Project items

Items saved from this article

This article has been saved
Highlights (0)
Some of your highlights are legacy items.

Highlights saved before July 30, 2012 will not be displayed on their respective source pages.

You can easily re-create the highlights by opening the book page or article, selecting the text, and clicking “Highlight.”

Citations (0)
Some of your citations are legacy items.

Any citation created before July 30, 2012 will labeled as a “Cited page.” New citations will be saved as cited passages, pages or articles.

We also added the ability to view new citations from your projects or the book or article where you created them.

Notes (0)
Bookmarks (0)

You have no saved items from this article

Project items include:
  • Saved book/article
  • Highlights
  • Quotes/citations
  • Notes
  • Bookmarks
Notes
Cite this article

Cited article

Style
Citations are available only to our active members.
Sign up now to cite pages or passages in MLA, APA and Chicago citation styles.

(Einhorn, 1992, p. 25)

(Einhorn 25)

1

1. Lois J. Einhorn, Abraham Lincoln, the Orator: Penetrating the Lincoln Legend (Westport, CT: Greenwood Press, 1992), 25, http://www.questia.com/read/27419298.

Cited article

Treatment of Juvenile Offenders in California
Settings

Settings

Typeface
Text size Smaller Larger Reset View mode
Search within

Search within this article

Look up

Look up a word

  • Dictionary
  • Thesaurus
Please submit a word or phrase above.
Print this page

Print this page

Why can't I print more than one page at a time?

Full screen

matching results for page

Cited passage

Style
Citations are available only to our active members.
Sign up now to cite pages or passages in MLA, APA and Chicago citation styles.

"Portraying himself as an honest, ordinary person helped Lincoln identify with his audiences." (Einhorn, 1992, p. 25).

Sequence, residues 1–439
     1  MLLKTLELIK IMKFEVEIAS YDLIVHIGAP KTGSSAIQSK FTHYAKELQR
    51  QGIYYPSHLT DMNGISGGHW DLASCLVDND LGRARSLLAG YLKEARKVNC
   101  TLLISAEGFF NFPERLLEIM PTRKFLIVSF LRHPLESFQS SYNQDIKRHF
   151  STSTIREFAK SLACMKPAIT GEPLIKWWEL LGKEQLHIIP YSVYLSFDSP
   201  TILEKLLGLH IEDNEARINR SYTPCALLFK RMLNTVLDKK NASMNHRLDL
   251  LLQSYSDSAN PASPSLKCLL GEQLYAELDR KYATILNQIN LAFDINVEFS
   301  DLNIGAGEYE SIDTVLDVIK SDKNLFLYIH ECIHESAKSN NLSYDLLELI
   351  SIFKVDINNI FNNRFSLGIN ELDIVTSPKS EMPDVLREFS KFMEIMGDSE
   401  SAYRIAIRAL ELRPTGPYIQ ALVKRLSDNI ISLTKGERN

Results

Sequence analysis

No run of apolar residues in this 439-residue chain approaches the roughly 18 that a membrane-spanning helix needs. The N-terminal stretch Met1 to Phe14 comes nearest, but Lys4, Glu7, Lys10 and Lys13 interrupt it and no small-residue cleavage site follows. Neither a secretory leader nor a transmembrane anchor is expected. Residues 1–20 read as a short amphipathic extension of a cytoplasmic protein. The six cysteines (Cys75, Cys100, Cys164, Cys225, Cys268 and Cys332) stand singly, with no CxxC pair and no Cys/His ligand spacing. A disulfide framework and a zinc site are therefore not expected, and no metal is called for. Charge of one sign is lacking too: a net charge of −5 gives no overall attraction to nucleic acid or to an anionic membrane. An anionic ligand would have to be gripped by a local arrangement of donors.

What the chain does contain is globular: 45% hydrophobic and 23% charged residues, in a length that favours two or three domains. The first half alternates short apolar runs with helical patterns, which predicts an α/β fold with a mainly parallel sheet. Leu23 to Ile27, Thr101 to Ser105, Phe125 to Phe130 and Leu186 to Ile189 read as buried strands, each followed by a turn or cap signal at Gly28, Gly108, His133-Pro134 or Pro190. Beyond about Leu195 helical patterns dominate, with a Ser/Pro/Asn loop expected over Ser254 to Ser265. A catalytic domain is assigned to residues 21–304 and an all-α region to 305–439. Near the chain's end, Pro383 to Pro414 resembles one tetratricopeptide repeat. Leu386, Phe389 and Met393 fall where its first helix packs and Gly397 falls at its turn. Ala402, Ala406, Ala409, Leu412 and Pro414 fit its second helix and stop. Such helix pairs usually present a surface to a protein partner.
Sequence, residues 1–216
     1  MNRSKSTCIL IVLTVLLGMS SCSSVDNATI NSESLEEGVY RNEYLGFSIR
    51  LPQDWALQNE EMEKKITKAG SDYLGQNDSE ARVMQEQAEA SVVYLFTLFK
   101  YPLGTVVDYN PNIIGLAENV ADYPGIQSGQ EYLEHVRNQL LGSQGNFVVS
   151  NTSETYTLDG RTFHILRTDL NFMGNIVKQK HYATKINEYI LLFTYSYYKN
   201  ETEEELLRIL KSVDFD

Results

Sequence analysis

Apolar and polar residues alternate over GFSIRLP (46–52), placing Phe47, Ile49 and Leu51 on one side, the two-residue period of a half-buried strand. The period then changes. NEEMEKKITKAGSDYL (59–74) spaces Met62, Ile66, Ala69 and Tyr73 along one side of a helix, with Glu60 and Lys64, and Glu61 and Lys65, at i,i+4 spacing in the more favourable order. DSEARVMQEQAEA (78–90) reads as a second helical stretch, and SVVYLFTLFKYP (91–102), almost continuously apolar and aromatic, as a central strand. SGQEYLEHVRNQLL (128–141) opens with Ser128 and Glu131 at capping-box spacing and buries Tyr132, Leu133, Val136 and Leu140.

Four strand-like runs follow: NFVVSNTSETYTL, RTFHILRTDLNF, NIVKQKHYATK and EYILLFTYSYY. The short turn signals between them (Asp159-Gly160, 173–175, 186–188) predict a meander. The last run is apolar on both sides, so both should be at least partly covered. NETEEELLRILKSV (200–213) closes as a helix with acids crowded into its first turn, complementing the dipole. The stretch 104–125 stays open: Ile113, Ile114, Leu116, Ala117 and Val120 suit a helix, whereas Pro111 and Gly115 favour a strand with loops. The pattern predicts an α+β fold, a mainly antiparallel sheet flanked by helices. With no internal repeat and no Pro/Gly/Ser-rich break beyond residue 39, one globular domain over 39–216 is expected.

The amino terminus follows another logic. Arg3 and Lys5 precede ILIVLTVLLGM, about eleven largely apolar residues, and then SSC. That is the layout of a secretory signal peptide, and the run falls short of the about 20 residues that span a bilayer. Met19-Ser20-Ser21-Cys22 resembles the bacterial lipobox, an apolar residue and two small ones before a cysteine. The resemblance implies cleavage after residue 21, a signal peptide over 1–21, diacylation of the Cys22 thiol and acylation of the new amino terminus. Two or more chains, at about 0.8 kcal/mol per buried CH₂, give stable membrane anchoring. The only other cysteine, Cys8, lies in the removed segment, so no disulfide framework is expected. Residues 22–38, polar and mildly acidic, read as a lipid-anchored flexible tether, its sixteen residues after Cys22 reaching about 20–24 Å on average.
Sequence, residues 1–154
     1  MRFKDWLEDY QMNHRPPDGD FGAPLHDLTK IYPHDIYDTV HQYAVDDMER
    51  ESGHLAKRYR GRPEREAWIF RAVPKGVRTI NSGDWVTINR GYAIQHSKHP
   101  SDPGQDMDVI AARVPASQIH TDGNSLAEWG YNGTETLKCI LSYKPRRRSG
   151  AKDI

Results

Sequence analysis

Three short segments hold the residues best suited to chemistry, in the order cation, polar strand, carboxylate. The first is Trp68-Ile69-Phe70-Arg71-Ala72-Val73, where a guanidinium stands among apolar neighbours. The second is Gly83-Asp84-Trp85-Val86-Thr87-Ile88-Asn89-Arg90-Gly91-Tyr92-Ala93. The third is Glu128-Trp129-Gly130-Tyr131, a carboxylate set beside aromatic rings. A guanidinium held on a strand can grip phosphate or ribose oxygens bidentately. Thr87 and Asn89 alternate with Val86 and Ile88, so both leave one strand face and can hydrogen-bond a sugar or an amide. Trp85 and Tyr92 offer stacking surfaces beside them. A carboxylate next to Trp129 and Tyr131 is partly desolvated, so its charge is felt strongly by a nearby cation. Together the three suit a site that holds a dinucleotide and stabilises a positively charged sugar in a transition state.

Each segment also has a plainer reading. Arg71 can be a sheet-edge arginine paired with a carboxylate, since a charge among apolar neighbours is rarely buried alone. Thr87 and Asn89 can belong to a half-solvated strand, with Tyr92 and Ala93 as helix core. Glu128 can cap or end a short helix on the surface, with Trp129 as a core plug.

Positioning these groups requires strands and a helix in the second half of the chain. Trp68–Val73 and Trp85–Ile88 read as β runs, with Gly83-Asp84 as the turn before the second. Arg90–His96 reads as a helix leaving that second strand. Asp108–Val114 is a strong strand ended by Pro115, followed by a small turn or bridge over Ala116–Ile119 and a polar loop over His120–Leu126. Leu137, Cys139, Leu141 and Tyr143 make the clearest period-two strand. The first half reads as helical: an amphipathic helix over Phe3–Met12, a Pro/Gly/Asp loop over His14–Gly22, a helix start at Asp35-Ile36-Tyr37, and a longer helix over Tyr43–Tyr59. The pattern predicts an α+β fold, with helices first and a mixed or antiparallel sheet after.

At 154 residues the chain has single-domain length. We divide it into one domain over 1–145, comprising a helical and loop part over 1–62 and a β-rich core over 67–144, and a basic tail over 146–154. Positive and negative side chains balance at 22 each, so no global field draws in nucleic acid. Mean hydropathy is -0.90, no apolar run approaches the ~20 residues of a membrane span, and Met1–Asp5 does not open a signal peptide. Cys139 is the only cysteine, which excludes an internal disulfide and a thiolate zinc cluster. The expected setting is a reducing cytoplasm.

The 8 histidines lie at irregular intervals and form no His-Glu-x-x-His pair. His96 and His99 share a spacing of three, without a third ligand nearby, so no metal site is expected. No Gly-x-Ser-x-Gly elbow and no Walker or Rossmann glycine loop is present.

"Portraying himself as an honest, ordinary person helped Lincoln identify with his audiences." (Einhorn 25)

"Portraying himself as an honest, ordinary person helped Lincoln identify with his audiences."1

1. Lois J. Einhorn, Abraham Lincoln, the Orator: Penetrating the Lincoln Legend (Westport, CT: Greenwood Press, 1992), 25, http://www.questia.com/read/27419298.

Cited passage

Welcome to the new Questia Reader

The Questia Reader has been updated to provide you with an even better online reading experience.  It is now 100% Responsive, which means you can read our books and articles on any sized device you wish.  All of your favorite tools like notes, highlights, and citations are still here, but the way you select text has been updated to be easier to use, especially on touchscreen devices.  Here's how:

1. Click or tap the first word you want to select.
2. Click or tap the last word you want to select.

OK, got it!

Thanks for trying Questia!

Please continue trying out our research tools, but please note, full functionality is available only to our active members.

Your work will be lost once you leave this Web page.

For full access in an ad-free environment, sign up now for a FREE, 1-day trial.

Already a member? Log in now.